Irish banks to be stress-tested for up to 11.1% home price drop over three years

Central prediction is that Irish home prices will rise 7.4% this year, followed by 2.5% growth in 2024, before dipping in 2025

Irish banks are set to be stress-tested in the coming months for an adverse case of home prices dropping 11.1 per cent and commercial property prices slumping more than 28 per cent over three years, as part of a European exercise to assess ability of the lenders to withstand an economic shock.

However, the central prediction – or baseline case – is that Irish home prices will rise 7.4 per cent this year, followed by 2.5 per cent growth in 2024, before dipping 0.3 per cent in 2025, according to economic scenarios outlined on Tuesday by EU authorities as they launched the stress tests.

The 2023 forecast for the Republic is the second-highest across the bloc, after Hungary. At the other end of spectrum, Swedish home prices are seen slumping 11.1 per cent in 2023.

Irish residential price inflation was running at 8.6 per cent as of November, according to the Central Statistics Office.


Irish commercial real estate prices are projected to expand by about 2.4 per cent in each of the three years under the baseline case, compared to an EU average of 1.1 per cent, even as the sector deals with the impact of rising interest rates.

The European Banking Authority (EBA) said the adverse assumptions – deemed to be hypothetical but plausible – being used for pan-EU stress tests this year are the “most severe” used since it was set up in 2011 in the wake of the financial crash. It is based on the potential for heightened geopolitical tensions, high inflation and rising interest rates hitting private consumption and investments.

“The severe nature of the adverse scenario reflects a deliberate choice and reflects the purpose of the stress test exercise, which is to assess the resilience of the European banking system to a hypothetically severely deteriorated macro-environment,” the EBA said, adding that it expects to publish the results at the end of July.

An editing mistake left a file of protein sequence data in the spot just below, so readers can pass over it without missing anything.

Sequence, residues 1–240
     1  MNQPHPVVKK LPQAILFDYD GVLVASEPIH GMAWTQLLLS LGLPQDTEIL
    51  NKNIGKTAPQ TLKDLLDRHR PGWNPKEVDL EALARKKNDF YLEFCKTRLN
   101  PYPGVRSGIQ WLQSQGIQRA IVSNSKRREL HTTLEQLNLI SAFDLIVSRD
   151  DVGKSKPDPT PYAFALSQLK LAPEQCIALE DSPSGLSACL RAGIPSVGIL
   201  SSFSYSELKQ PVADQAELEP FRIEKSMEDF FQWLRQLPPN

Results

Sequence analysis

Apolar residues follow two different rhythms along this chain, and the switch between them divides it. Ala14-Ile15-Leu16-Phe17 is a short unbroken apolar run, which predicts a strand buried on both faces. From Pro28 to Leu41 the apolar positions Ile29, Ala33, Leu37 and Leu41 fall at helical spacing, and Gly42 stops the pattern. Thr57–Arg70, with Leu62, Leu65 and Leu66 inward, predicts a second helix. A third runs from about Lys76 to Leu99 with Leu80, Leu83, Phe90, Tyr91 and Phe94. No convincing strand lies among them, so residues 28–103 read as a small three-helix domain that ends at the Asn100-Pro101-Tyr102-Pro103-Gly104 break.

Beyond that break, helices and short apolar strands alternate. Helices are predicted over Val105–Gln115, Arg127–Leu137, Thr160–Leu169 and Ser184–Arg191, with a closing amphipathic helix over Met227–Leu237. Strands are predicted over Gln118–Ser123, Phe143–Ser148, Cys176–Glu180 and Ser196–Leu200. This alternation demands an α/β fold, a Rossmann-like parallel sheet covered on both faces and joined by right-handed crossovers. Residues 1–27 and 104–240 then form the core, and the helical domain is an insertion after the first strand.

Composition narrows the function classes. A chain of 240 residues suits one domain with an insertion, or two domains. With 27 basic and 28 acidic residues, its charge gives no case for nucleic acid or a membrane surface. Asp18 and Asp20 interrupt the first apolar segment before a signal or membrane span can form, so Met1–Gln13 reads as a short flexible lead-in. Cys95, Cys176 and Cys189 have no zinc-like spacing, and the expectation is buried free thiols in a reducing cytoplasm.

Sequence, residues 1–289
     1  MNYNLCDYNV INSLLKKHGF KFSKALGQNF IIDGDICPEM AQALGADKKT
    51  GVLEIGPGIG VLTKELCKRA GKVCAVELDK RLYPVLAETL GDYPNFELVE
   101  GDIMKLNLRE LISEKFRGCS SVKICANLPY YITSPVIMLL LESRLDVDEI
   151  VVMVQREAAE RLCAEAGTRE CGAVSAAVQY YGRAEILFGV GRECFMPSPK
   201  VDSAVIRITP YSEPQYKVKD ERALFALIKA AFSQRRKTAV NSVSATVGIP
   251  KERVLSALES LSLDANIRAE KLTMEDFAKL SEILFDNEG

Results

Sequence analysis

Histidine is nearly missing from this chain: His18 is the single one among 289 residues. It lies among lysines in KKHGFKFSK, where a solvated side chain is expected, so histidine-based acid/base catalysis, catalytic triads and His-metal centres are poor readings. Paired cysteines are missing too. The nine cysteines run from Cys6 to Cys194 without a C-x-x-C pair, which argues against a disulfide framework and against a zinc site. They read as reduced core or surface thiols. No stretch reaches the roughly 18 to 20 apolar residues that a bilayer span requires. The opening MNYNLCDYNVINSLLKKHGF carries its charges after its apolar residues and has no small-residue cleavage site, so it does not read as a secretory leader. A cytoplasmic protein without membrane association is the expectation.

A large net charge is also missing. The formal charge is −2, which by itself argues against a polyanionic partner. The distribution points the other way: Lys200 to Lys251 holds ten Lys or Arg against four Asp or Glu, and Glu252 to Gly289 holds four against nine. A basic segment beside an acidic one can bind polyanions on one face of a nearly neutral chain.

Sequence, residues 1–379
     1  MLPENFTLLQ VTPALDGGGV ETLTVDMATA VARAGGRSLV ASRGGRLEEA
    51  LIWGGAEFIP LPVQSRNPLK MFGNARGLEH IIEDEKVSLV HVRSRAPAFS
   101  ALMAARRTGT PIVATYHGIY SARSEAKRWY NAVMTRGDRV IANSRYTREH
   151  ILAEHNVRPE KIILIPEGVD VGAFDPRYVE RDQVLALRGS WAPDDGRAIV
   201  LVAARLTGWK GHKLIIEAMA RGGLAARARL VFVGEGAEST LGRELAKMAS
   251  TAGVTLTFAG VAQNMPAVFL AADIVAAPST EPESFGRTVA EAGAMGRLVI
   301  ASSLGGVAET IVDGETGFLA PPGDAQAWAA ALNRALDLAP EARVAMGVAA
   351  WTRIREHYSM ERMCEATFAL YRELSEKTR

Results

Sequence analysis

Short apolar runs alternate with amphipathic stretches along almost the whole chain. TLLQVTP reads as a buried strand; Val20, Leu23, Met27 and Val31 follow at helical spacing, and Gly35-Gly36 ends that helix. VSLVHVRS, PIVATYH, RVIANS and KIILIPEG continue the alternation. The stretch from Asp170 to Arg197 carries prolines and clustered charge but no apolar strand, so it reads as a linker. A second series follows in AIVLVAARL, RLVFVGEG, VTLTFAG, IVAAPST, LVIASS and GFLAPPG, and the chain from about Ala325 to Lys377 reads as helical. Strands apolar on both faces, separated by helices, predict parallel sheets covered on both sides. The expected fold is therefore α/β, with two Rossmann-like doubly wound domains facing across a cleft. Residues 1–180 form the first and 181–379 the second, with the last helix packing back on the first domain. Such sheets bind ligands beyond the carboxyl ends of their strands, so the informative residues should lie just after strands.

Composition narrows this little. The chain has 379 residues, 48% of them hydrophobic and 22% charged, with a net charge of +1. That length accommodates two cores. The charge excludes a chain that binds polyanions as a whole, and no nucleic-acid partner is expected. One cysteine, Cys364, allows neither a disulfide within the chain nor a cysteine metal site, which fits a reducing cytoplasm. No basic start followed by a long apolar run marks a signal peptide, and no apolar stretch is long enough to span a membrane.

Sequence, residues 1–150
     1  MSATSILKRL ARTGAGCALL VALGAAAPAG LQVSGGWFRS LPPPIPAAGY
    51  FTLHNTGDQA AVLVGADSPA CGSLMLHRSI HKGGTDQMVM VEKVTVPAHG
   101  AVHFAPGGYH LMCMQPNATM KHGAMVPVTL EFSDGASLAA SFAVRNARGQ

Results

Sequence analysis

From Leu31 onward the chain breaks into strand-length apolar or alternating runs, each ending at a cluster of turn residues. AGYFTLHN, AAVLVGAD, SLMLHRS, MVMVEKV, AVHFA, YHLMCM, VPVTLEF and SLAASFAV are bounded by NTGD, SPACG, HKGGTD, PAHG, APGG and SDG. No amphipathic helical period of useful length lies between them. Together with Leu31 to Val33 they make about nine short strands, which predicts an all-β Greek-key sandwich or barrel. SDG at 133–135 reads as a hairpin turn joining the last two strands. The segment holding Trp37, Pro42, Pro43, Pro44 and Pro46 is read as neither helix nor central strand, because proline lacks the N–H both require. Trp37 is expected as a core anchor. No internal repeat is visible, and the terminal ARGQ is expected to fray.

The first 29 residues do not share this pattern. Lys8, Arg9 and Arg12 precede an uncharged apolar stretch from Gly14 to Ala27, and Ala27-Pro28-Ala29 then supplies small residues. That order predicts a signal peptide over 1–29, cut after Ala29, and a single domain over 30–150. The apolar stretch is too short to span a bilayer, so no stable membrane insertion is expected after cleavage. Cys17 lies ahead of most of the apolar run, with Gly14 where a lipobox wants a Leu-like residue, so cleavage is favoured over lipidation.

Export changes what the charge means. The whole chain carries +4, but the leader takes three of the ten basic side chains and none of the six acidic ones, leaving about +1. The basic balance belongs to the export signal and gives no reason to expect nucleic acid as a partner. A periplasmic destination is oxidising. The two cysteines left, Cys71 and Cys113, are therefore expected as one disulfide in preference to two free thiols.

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While the baseline case sees Irish gross domestic product (GDP) expanding by 4.9 per cent this year, the adverse scenario is for a 1.3 per cent contraction. EU GDP is seen rising 0.5 per cent in the main case for 2023, but falling by 3.4 per cent in the adverse one.

The Irish unemployment rate is forecast to rise from 4.7 per cent in 2022 to 5.3 per cent this year, before declining again to 4.6 per cent by 2025.

However, the country’s lenders will be stress-tested for a potential spike in the jobless rate to 12.4 per cent by the end of the period.

While analysts say domestic Irish banks are well capitalised to deal with even an adverse shock, the outcome of the stress tests will have a bearing on discussions with regulators on plans to return excess reserves to shareholders. AIB and Bank of Ireland are the only domestic lenders being stress-tested.

AIB executives signalled in early December they plan to pay out as much as 100 per cent of the profits generating both this year and next to investors in an effort to return excess capital on the bank’s balance sheet.

Analysts expect AIB’s net profits to comfortably top €1 billion in each of the two years.

Bank of Ireland investors are awaiting details on capital return plans when its new chief executive, Myles O’Grady, outlines his strategy in early March, as the bank publishes its latest set of annual results.

Irish-based units of Bank of America, Citigroup and Barclays are also among a total of 70 EU banks that are subject to this year’s EBA assessment. The authority typically carries out pan-EU stress tests every two years.

The EBA said that the baseline scenario for EU countries is based on the projections from the national central banks as of the end of December. The adverse scenario assumes the materialisation of risks that have been identified by the European Systemic Risk Board (ESRB), it said.

Joe Brennan

Joe Brennan

Joe Brennan is Markets Correspondent of The Irish Times